1
vote
1answer
140 views

Can one use a hemocytometer on a compound upright microscope?

I'm posting this as a follow-up on What to look for when buying a light microscope?. The answerer states that you would need to use a an inverted microscope to count cell in the hemocytometer(counting ...
0
votes
1answer
29 views

Could transfusion of a different blood type cure blood-based cancers?

Different antigen detection triggers an immune system response that could perhaps stimulate mitochondria and such in killing cancer cells - something like chemo without the hair-loss?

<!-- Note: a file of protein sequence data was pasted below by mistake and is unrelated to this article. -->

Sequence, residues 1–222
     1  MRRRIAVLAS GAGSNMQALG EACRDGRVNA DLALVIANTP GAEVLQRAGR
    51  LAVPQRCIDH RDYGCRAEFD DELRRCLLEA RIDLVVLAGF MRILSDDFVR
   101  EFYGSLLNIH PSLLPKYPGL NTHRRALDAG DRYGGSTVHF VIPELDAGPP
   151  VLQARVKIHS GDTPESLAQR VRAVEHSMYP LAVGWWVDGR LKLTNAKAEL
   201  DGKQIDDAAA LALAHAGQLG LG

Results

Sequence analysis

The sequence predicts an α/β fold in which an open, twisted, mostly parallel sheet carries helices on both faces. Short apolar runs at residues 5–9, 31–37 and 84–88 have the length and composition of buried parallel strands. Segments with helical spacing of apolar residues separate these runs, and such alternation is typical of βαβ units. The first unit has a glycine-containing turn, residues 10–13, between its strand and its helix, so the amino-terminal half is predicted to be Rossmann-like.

9
votes
2answers
1k views

Fate of erythrocytes after splenectomy

The spleen is considered a graveyard for red blood cells. So in case of Splenectomy (complete surgical removal of the spleen), what would be the fate of red blood cells? Would this cause Polycythemia? ...
18
votes
4answers
2k views

Why do we need red blood cells?

From what I know, the main function of red blood cells is hemoglobin transport. So, why do we need cells packed with hemoglobin: why can't it travel freely in the bloodstream? My own thoughts were: ...
4
votes
2answers
1k views

What happens when you mix type A with type B blood (and v.v)

What happens when you mix different blood types that are not compatible? For example, if a patient has type A blood and receives type B blood, or v.v.?